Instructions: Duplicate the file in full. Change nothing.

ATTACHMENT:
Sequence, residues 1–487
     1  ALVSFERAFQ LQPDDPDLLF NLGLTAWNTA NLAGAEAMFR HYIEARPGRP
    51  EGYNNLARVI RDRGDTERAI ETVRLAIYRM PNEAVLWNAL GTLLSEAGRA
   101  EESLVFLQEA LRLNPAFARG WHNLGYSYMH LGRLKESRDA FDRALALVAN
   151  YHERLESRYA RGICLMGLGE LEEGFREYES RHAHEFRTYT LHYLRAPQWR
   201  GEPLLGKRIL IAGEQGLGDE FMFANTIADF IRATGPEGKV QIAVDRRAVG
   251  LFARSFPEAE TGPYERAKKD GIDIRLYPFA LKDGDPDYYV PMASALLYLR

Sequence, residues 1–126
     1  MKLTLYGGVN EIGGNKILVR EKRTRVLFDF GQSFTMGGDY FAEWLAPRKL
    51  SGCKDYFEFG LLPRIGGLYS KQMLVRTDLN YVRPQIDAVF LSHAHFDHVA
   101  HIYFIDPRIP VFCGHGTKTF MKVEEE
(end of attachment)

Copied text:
Sequence, residues 1–487
     1  ALVSFERAFQ LQPDDPDLLF NLGLTAWNTA NLAGAEAMFR HYIEARPGRP
    51  EGYNNLARVI RDRGDTERAI ETVRLAIYRM PNEAVLWNAL GTLLSEAGRA
   101  EESLVFLQEA LRLNPAFARG WHNLGYSYMH LGRLKESRDA FDRALALVAN
   151  YHERLESRYA RGICLMGLGE LEEGFREYES RHAHEFRTYT LHYLRAPQWR
   201  GEPLLGKRIL IAGEQGLGDE FMFANTIADF IRATGPEGKV QIAVDRRAVG
   251  LFARSFPEAE TGPYERAKKD GIDIRLYPFA LKDGDPDYYV PMASALLYLR

Sequence, residues 1–126
     1  MKLTLYGGVN EIGGNKILVR EKRTRVLFDF GQSFTMGGDY FAEWLAPRKL
    51  SGCKDYFEFG LLPRIGGLYS KQMLVRTDLN YVRPQIDAVF LSHAHFDHVA
   101  HIYFIDPRIP VFCGHGTKTF MKVEEE